One impressive Ivy winning streak continued this weekend, while another very consequentially ended.
Princeton upped its consecutive win total to 15, effectively clinching the No. 1 seed in the inaugural Ivy League Tournament, to be played March 11 and March 12 at the Palestra. The last four Tiger victories have been by double digits, and Princeton’s defense is shutting down opponent after opponent.
Penn, though, couldn’t escape the Empire State unscathed, suffering a crucial 70-67 defeat at Columbia that snapped both the Red and Blue’s five-game winning streak and the Lions’ five-game losing skid, keeping Columbia very much in the race for the inaugural Ivy League Tournament’s No. 4 seed.
But that race isn’t what most Ivy supporters thought it was as recently as this past weekend. On Sunday morning, in response to a question from Mike James (@ivybball), the Ivy League confirmed that second tiebreaker for the No. 4 seed doesn’t just take into account the No. 4 candidates’ records versus tournament qualifiers from No. 1 through No. 3, which is how most Ivy observers interpreted the tiebreaker (which can be read at the #IvyMadness site here). Instead, the tiebreaker would be the highest Ivy that one No. 4 candidate beat that other didn’t, even if that tiebreak goes as low as Brown or Cornell.
So neither Penn nor Columbia actually controls its own destiny, because if both win out, the tiebreaker becomes Cornell-Brown at the Pizzitola Sports Center Saturday night. In this scenario assuming Cornell and Brown have the same result Friday, Penn will have swept Cornell and Columbia would have swept Brown. So if Cornell finishes higher than Brown, Penn gets in the tourney, and if Brown finishes higher than Cornell, Columbia gets in.
The third tiebreaker is an aggregation of rankings agreed to before the season by league coaches, which favors Penn.
But if Penn loses to Harvard Saturday night, Columbia just has to win one of its remaining two games to nab the No. 4 seed. That’s because Columbia holds the aforementioned tiebreaker that supersedes the rankings aggregation decider: which team beat the higher-seeded remaining Ivy League opponent. The Lions defeated No. 2 Harvard earlier this season, a higher-seeded Ivy than any Penn would have beaten in this scenario.
Columbia would have been virtually locked out of the race had the Lions lost to Penn Saturday night. They didn’t, and so we’ve got a regular season weekend finale to remember.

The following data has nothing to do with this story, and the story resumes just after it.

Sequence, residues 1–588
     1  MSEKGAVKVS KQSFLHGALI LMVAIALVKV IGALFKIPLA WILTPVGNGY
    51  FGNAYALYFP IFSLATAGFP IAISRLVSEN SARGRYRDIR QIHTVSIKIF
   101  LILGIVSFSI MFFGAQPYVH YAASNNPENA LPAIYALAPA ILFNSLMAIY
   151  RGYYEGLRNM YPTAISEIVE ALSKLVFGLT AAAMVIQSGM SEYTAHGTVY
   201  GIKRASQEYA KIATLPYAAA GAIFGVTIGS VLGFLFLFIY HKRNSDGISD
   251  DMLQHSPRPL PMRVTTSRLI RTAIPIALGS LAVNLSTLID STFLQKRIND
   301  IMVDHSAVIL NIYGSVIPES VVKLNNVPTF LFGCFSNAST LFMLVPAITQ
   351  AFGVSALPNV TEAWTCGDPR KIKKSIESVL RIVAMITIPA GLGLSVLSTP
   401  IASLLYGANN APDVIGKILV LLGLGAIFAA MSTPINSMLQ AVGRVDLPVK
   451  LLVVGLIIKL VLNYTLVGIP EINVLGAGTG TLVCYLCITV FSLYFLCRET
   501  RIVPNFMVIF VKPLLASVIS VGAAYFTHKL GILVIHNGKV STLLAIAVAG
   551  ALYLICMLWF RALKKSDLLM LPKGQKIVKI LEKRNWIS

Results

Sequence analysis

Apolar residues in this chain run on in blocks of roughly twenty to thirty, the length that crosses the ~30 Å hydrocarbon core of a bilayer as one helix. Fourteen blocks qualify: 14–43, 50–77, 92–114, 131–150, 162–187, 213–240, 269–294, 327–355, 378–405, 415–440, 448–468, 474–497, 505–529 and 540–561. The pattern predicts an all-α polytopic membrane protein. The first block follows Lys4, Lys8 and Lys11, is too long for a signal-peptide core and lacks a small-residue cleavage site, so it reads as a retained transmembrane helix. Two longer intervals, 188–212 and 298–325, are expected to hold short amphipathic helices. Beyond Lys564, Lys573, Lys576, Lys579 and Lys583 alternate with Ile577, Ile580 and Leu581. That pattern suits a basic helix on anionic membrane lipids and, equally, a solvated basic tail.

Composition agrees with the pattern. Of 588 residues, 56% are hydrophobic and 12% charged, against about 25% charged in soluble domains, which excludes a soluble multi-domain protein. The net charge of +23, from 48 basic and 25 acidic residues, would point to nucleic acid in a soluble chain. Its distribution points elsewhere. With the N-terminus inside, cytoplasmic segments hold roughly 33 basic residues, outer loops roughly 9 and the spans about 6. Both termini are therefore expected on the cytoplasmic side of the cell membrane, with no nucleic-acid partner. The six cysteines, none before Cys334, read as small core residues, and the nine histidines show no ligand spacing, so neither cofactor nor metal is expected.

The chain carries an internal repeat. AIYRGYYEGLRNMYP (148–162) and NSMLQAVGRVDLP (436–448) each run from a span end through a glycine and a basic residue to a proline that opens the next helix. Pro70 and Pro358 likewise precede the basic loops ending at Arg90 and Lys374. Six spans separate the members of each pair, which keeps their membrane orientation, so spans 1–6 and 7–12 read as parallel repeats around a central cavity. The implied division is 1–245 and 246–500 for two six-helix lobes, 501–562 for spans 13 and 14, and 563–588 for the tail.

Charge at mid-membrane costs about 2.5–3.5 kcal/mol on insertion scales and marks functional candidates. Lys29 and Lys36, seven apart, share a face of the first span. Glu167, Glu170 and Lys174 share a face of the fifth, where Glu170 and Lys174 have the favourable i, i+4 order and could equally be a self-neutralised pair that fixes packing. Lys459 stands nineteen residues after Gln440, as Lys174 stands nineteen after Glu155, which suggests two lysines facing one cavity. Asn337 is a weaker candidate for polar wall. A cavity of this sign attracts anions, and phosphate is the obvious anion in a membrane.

It’s really disappointing that neither Penn nor Columbia controls its own destiny in the race for the No. 4 seed. College athletics should be about rewarding achievement, not adhering to random tiebreakers driven entirely by other schools to decide a team’s conference tournament fate.
Indeed, rewarding merit should always be the end goal when designing postseason structure, so rankings aggregation should be the next tiebreaker after head-to-head results in future seasons. It doesn’t make any sense that Columbia should get a league tournament berth instead of Penn when the teams split their head-to-head matchups and Penn ranks well ahead of Columbia in ratings indices already identified in advance by the coaches for tiebreaker consideration (Sagarin, KenPom, BPI and NCAA RPI). Those indices should matter a lot more than whether Cornell beats Brown Saturday night, but they don’t.
It’s also ridiculous that the Ivy League did not convey the full implications of the second tiebreaker until one weekend remained in league play, and even then only did so at Mike James’ prompting. Those who cover and analyze Ivy hoops, me included, should have nailed down the exact meaning of that tiebreaker earlier, but the league should have clarified that tiebreaker as well, once it became clear that even the most knowledgeable Ivy analysts and insiders had misread it. Here’s the text causing all the confusion:
“If a tie still exists, the tie will be broken by comparing each team’s record against the highest seed outside of the tie and continuing through the lowest seed, if necessary.”
Ivy onlookers, myself included, have long interpreted “seed” as meaning only those teams actually seeded in the tournament. Apparently, that’s not the case. The Ivy League did not know what any tiebreakers would be beyond head-to-head when the tournament format was announced last March, and in retrospect, the tiebreakers should have been explained in full at that point. Perhaps location and tiebreakers will be two facets of the tournament that are adjusted next season.
1. Princeton (19-6, 12-0)
Yeah, Princeton’s really good. The Tigers pulled decisively away in both halves at Cornell and Columbia, its stifling defense and superior outside shooting proving the significant difference.
In its Saturday night win at Newman Arena, Princeton responded to a 44-44 tie at the 14:20 mark of the second half with an 18-6 run over the next 7:44, with sophomore guard Devin Cannady scoring seven points in that stretch. The Tigers were already a hot team, but now they’re scorching thanks to Cannady’s own recent offensive explosion. He’s made at least six three-pointers in three of the past four games, including 12 this weekend (6-for-10 at Cornell and 6-for-11 at Columbia).
It was Cannady’s deep shooting that broke Columbia’s 2-3 zone in the second half Friday night, helping turn a 27-22 halftime lead into what at one point became a 25-point advantage for the Tigers. Cannady’s four threes in the first 5:22 of the second half did the Lions in, as the Tigers benefited from characteristically slowing the pace of the game to a crawl. That’s not how Columbia wants to play anymore now that former Lions coach Kyle Smith helms USF, and Princeton’s defense stymied the Light Blue at every turn.